Tolkien Estate Threatens to Pull Hobbit Film Rights From New Line
Posted on February 11, 2008Here we go again. The Tolkien Trust and Harpercollins are suing New Line for failing to pay contractually required gross profit participations from the three Lord of the Rings movies. Sound familiar? It should. That was the whole basis of the dispute between Peter Jackson and New Line that caused The Hobbit movie to be so delayed that Jackson can't even direct it due to other commitments.
According to the suit, although the "Lord of the Rings" films produced by New Line are among the most financially successful films ever created, with worldwide gross receipts of nearly $6 billion, New Line has failed to pay the plaintiffs any portion of the gross profit participation they are entitled to under their deal.They didn't pay the Tolkien estate one dime??? They claimed they never made a profit?? New Line apparently has no shame whatsoever. We say: throw them into the flames of Orodruin. Oh, and as for The Hobbit movie? That is so not happening unless The Tolkien Estate says so.
The complaint seeks, among other things, in excess of $150 million in compensatory damages, as well as punitive damages, and a declaration from the Court that the plaintiffs have a right to terminate any further rights New Line may have to the Tolkien works under the agreements, including "The Hobbit", due to the serious and material nature of the breach of the agreements.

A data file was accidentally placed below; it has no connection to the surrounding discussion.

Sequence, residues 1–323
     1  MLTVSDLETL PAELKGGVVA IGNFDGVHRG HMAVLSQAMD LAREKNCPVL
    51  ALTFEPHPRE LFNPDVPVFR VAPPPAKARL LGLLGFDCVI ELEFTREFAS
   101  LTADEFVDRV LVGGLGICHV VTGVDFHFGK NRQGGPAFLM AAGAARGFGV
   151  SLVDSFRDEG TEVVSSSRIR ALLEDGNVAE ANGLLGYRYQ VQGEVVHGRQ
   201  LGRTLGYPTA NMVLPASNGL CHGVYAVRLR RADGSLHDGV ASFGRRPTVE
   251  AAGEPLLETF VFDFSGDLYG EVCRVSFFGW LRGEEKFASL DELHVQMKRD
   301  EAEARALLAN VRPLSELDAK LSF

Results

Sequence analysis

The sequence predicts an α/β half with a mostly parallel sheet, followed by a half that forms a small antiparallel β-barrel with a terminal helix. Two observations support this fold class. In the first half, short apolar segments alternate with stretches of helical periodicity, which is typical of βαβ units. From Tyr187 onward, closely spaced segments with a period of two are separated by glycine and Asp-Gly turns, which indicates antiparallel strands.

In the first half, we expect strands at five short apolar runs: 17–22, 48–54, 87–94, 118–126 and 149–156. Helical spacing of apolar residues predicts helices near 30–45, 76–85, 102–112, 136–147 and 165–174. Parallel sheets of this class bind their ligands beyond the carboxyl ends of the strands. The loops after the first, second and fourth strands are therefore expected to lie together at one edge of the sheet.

Bonnie Eskenazi, the trustees' U.S. counsel who filed the complaint, said, "New Line has brought new meaning to the phrase 'creative accounting.' I cannot imagine how on earth New Line will argue to a jury that these films could gross literally billions of dollars, and yet the creator's heirs, who are entitled to a share of gross receipts, don't get a penny."
The trustees' UK lawyer, Steven Maier, of Manches LLP, added: "The Tolkien trustees do not file lawsuits lightly, and have tried unsuccessfully to resolve their claims out of court. But in this case, New Line has left them no option at all. New Line has not paid the plaintiffs even one penny of its contractual share of gross receipts despite the billions of dollars of gross revenue generated by these wildly successful motion pictures. To make matters worse, to date New Line has even prevented the plaintiffs from auditing the last two films of the series."